Research and scientific interests: epidemiology and diagnostics of rare diseases, molecular basis of cilia function and ciliopathies, genetic and epigenetic diversity of human populations, evolution of the human genome.

Zuzanna Bukowy-Bieryłło, PhD.

A graduate of biology at the University of Silesia in Katowice. PhD student at the Institute of Biochemistry and Biophysics of the Polish Academy of Sciences, and at the Aarhus University in Denmark within an European 5th Framework Programme. Associated with the IHG PAS in Poznan since 2009, assistant professor in the Department of Molecular and Clinical Genetics the since 2012. Author of 22 papers published in recognized scientific journals, participant or PI in Polish grant projects, participant in several European grants (HealthProt, BestCilia, BeatPCD). Involved in the process of creating a Polish reference center for the diagnosis of primary ciliary dyskinesia.

Research and scientific interests: primary ciliary dyskinesia and cilia biology, methods of analysis of respiratory epithelial cells (primary epithelial cell cultures for ciliogenesis, high-speed videomicroscopy, immunofluorescent staining of ciliary proteins).

Alicja Rabiasz, M. Sci.

A graduate of biology at Adam Mickiewicz University in Poznan. Since February 2017, a PhD student at the Department of Molecular and Clinical Genetics at the IHG PAS, Poznan. Author of 2 papers published in recognized scientific journals, PI in the grant project from Polish National Science Center. Actively engaged in diagnostic activities of the COVID-19 lab at the IHG PAS.

Research and scientific interests: dysfunction of motile cilia, molecular basis of primary ciliary dyskinesia, elucidation of the role of novel genes potentially involved in the PCD pathogenesis using RNA interference method (RNAi) in ciliated flatworm (Schmidtea mediterranea).

About DG-Nika AG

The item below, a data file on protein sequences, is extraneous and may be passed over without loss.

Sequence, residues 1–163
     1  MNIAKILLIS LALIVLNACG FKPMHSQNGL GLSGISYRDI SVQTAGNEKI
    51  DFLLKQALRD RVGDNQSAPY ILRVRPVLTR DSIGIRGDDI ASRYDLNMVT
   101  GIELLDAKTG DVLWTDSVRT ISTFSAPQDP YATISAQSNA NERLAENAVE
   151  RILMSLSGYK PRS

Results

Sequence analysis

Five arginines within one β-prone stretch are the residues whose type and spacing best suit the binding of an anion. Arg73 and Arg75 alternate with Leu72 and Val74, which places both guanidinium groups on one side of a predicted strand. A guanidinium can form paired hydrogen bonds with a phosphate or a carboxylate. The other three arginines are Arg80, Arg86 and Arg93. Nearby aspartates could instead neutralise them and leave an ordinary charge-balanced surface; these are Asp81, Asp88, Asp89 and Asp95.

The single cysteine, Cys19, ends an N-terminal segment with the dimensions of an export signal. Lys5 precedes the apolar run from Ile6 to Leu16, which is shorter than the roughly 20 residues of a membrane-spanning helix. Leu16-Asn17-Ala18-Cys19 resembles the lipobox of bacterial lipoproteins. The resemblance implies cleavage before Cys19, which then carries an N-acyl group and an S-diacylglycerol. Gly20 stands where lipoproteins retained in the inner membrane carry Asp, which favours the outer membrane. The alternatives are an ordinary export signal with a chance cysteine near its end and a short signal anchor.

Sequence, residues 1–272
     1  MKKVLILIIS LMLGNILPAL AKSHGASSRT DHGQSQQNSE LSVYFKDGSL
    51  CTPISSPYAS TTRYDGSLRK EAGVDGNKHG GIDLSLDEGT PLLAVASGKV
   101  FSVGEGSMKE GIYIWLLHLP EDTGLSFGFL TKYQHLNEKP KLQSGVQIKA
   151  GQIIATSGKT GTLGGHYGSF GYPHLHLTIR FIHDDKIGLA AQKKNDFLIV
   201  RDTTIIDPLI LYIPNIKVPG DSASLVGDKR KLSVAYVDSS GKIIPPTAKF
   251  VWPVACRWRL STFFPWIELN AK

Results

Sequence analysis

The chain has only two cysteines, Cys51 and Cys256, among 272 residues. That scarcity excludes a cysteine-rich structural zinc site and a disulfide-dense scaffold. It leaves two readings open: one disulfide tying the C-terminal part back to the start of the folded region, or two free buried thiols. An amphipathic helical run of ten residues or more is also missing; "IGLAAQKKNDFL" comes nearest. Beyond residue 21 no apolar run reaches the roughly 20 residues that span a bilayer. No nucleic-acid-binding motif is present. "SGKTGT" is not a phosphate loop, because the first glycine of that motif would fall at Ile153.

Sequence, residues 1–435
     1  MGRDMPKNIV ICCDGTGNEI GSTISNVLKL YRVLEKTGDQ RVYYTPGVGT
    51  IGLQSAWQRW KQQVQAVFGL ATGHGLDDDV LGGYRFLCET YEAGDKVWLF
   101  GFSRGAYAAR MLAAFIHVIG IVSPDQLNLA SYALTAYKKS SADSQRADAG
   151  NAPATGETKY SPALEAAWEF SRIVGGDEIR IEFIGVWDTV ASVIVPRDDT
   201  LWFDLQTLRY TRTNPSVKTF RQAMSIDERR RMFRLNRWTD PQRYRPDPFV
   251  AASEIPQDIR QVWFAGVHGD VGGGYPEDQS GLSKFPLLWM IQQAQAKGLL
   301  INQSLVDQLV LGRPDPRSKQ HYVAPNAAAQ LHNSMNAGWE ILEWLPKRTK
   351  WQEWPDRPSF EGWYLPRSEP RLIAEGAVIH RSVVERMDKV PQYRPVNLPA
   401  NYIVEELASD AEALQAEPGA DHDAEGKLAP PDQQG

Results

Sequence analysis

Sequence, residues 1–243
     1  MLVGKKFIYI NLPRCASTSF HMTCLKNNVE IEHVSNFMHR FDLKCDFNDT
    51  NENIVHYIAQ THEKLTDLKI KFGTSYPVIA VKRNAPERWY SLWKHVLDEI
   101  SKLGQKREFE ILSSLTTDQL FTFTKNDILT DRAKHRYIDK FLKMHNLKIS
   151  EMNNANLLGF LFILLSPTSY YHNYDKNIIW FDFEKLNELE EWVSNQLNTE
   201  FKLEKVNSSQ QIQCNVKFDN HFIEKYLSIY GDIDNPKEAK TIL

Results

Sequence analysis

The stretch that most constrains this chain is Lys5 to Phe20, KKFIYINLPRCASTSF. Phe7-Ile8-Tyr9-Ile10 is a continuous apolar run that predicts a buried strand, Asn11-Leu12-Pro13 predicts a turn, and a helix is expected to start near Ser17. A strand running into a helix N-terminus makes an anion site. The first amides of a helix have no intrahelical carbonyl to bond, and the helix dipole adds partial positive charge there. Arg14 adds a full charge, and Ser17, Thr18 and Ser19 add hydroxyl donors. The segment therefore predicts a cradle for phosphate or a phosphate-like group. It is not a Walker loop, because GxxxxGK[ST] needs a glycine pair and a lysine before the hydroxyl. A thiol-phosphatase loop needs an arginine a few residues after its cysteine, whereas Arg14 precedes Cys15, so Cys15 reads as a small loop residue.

DG-NIKA AG is a Swiss start-up company, which main objective is to effectively contain viral infections. We want to make a positive contribution by battling the Corona pandemic.

We have been working with a multinational team of scientists who are coordinated from Switzerland.

Georg Wander, CEO

Georg Wander is the CEO of DG-Nika AG.

After completing his education in banking and business administration, for many years he held leading positions in Germany, Luxembourg, Portugal, and South Asia.

Throughout his career as a business consultant, he was introduced to the concept of alternative energy, which resulted in many years of successful involvement in the fields of wind energy and photovoltaics.

In recent years, he developed a deep interest in modern cancer treatment research. Currently, he has been involved in the 2-DG project.

img Georg Wander

Scientific Advisors.

img Piotr Kuna, Prof. PhD, MD

Piotr Kuna, Prof. PhD, MD

Chairman of the II Department of Internal Medicine at the Medical University of Łódź.

Professor Kuna is involved in numerous international collaboration network and International Research Projects including ARIA, MASK, SHARP, ISAR, 3TR. Prof. Kuna’s research interest focuses on advancing our knowledge on the pathogenesis of respiratory and allergic diseases, with special interest in severe asthma and COPD.

Piotr Rieske, Prof. PhD

"The chances of finding the optimal dose of the drug in the final product, without approaching the toxicity limit, are very high.”

I have conducted several experiments in order to study the effects of 2-DG on the airway epithelial cells and to understand their mechanisms of action.

The "therapeutic window", which was tested under various conditions, is at least 50; this means that the chances of finding the optimal dose of the drug in the final product, without approaching the toxicity limit, are very high.

Piotr Rieske, Prof. PhD, is a medical analyst, biotechnologist, head of the Cancer Biology Department of the Medical University of Lodz, head of the Science and Research Laboratory of Celther Polska.

img Piotr Rieske, Prof. PhD
img Jerzy Gubernator, Prof. PhD

Jerzy Gubernator, Prof. PhD

"... a slightly modified glucose molecule [is] used as the Trojan Horse on cells infected with the SARS-CoV-2 virus."